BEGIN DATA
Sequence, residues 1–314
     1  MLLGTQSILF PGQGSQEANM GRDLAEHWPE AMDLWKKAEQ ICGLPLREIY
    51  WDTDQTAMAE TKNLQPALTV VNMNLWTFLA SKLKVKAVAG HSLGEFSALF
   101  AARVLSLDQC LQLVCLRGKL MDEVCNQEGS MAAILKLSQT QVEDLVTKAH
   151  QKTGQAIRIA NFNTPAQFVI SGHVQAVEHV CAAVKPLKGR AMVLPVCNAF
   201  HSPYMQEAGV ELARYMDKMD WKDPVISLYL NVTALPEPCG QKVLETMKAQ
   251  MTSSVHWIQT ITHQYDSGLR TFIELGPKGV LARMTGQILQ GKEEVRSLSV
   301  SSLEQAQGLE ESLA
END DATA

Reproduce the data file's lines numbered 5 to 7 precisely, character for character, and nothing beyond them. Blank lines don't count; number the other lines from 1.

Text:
   151  QKTGQAIRIA NFNTPAQFVI SGHVQAVEHV CAAVKPLKGR AMVLPVCNAF
   201  HSPYMQEAGV ELARYMDKMD WKDPVISLYL NVTALPEPCG QKVLETMKAQ
   251  MTSSVHWIQT ITHQYDSGLR TFIELGPKGV LARMTGQILQ GKEEVRSLSV